The main body of the California native plant garden is in the shape of a large oval, with a small pond and a bridge at the head of it, and a dry creek that runs through the garden. (This is a common motif, no?). Here we are looking from the end, or the base of the garden, up at the head. The asphalt road that cuts across it is a new addition – meant for easier access for supplies to the to-be-built new nursery. At the end of the dry creek is a tiny tule and cattail lined pond and an Alder tree, which is commonly found close to water in nature.

Alongside the new road are new plantings. On the far side are woody shrubs – sticky monkey flower, toyon, coyote bush, coffee berry. The dominant shrubs of the coastal sage scrub. On the side closer to the rest of the garden are low plants more commonly found on the beaches and sand dunes – beach sage and beach strawberry, plus some coyote mint of the clay rocky uplands too.

The original design plan of the native plant garden was to showcase the vegetation communities of California. The palette is an ecological one. There was the native bunch grass meadow that was common in central valley. There was the coastal scrub and chaparral of woody shrubs all knit together. There was the oak studded foothills and woodlands full of acorns. There was the serpentine outcrops of rocks and gravel and strange endemics. And there was the riparian riverine plants alongside small drainages and lakes. There was no desert biome represented, neither the low Anza Borrego desert flora nor the high Mojave desert flora.

The bunchgrass meadow has been painstakingly planted. Heres Purple needle grass Nasella pulchra, tufted hairgrass Deschampsia cespitosa, and California oat grass Danthonia californica. You can still find these plants occurring naturally in San Francisco. Nasella and Danthonia form small stands at McLaren Park in the grasslands by Gleneagles Golf Course. They are periodically burned around the Fourth of July. The only place you will find wild tufted hairgrass in San Francisco is on Bayview Hill by Candlestick. It is in a few patches where it is wet and close to the groundwater seeps near the top of the hill. It is scattered and does not form dense masses.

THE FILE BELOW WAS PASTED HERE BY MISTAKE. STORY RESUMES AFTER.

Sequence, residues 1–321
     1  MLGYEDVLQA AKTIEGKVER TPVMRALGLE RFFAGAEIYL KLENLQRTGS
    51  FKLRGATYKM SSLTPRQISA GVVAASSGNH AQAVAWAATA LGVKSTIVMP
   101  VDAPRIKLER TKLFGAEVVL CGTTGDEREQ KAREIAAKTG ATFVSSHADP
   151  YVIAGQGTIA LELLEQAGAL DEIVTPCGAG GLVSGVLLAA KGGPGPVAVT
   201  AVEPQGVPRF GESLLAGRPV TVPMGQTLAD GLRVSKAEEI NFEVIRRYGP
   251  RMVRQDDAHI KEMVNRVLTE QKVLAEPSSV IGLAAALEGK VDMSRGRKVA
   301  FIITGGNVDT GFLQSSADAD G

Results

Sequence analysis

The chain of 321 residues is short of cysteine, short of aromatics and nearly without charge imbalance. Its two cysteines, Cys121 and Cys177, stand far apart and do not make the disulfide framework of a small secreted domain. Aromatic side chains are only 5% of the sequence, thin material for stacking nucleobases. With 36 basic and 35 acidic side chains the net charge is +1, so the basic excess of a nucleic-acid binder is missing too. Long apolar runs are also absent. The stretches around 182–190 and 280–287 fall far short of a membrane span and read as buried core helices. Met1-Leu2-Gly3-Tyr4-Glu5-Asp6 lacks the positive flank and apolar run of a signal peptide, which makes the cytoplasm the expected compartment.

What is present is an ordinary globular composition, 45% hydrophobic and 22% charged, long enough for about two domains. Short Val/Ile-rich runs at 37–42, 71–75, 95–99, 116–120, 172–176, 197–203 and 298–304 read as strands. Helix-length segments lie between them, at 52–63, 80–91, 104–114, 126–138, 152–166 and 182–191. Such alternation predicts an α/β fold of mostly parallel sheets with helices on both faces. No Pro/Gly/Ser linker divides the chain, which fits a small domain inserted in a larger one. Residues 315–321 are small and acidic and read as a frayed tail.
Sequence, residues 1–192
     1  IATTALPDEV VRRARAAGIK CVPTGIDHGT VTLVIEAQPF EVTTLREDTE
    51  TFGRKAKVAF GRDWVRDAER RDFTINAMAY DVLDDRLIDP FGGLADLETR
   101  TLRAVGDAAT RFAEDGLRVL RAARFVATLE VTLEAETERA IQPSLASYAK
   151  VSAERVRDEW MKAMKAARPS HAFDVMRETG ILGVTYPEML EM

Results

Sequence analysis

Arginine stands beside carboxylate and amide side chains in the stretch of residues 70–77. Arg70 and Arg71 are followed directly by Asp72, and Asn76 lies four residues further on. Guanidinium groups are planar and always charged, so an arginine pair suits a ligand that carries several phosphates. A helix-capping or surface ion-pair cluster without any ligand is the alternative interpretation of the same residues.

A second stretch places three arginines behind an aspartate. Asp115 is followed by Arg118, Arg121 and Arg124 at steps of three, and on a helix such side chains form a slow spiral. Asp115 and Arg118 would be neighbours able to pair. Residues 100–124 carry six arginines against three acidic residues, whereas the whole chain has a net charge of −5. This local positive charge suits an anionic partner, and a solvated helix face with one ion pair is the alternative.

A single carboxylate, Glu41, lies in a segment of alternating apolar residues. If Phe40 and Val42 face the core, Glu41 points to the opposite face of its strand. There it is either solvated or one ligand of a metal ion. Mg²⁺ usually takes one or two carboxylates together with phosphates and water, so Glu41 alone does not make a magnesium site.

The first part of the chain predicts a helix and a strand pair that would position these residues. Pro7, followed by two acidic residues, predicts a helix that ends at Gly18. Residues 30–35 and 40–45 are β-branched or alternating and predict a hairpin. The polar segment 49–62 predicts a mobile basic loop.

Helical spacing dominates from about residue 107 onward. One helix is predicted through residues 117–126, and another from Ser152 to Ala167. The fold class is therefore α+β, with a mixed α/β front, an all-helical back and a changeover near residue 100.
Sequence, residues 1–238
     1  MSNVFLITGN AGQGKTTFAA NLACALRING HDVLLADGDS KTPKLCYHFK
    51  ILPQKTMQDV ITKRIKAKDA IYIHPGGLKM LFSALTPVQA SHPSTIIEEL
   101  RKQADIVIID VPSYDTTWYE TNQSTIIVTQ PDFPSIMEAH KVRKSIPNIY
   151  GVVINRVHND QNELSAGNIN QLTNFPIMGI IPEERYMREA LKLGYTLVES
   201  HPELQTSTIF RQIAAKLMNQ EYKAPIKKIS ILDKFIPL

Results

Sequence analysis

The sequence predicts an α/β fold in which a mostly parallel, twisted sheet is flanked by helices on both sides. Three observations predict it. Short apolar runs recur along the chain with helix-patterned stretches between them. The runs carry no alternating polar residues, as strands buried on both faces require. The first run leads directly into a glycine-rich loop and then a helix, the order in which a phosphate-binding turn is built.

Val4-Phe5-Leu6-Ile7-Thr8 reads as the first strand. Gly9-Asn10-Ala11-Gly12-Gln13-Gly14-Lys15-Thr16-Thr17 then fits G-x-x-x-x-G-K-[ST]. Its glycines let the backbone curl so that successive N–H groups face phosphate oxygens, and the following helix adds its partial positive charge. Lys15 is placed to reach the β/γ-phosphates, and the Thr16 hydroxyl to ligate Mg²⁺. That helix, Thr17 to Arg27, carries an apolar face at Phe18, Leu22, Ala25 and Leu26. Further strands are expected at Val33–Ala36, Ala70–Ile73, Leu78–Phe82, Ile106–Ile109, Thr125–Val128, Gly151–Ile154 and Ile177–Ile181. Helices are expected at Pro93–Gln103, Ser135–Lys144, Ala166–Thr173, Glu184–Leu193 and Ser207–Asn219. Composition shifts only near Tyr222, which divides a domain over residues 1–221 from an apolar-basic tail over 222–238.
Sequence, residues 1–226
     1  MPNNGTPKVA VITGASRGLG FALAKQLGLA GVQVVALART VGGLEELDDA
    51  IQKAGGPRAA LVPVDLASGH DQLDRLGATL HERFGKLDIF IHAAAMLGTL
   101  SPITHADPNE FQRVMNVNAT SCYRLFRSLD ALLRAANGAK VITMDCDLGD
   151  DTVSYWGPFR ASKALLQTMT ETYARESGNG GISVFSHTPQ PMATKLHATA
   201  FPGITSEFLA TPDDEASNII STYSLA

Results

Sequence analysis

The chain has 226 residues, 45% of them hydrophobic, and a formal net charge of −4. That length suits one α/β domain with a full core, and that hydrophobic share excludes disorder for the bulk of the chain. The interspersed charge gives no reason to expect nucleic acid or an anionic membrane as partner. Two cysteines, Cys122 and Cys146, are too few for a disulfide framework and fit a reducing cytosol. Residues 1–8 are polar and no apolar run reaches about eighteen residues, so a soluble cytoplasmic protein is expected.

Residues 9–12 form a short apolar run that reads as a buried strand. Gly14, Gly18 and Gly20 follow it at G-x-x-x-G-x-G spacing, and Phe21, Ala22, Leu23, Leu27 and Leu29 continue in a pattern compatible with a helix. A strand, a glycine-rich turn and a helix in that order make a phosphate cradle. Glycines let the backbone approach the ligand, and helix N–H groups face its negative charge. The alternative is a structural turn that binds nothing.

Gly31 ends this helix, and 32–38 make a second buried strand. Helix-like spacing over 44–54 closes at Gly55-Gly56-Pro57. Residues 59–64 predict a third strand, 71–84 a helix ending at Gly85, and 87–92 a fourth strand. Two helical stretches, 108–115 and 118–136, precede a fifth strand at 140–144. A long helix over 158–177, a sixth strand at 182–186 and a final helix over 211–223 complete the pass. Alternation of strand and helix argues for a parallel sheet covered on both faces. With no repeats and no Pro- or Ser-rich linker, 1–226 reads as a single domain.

The chaparral is often dominated by manzanitas, yerba santas, chamise, and sagebrush. In the native plant garden the manzanitas have been heavily pruned to accentuate their branches and open up the views.

Okay. We are still following water, up the hill, past the California natives, up into the temperate Asia section of magnolias and dwarf conifers. There are four distinct ponds, all connected to one another by pipes and gravity. Simple and elegant design. The bottommost pond was dry, a pond that originally housed carnivorous plants. The rest had water. These ponds are also lined with bentonite clay. Occasionally leaks will occur at the edges where raccoon and coyote and skunk hunt for crayfish. Then the gardener has to fix the leaks… The ponds have names like bamboo pond, dwarf conifer pond, and Annelli Pond.

At the end of the tour we ended up back at the entrance, by the library courtyard garden, a garden enclosed by the Spanish monastery stones. With, you guessed it, a small fountain in the middle. There is a good history of the stones here:

Unlike a regular building material you go and buy at the store, the stones came in irregular sizes and shapes. So as a designer, there really is no way you can draw a plan and say make it look exactly like this. You can come up with a preliminary idea/structure, and then just let the stone workers run with it. It is in a sense off the books, improvised, and built in an organic manner. This is the same approach we use when building with recycled materials like granite curbstones or granite scraps from the cemetery dumpster.

Not sure about who did the work on this wall, but for a similar structure by the rhododendrons, they had to bring in four or five old time stone cutters from Oaxaca Mexico to put it together. This is not a common trade around these parts anymore, more like traditional artesanal craft. Pretty neat results.

The fountain was dry. And the plantings? They are new. Another design by the current curator all in purple with a touch of orange from the Alstroemerias. A plant palette based around, for the most part, one color.

Well we will end the tour with a picture of plants wild collected from southern Spain – snapdragons, red poppies, yellow rockrose, esparto grass, and asparagus. A plant palette that come from a place, a community, an ecological niche, and a climate similar to our own. Well, enjoy, and see you in the gardens!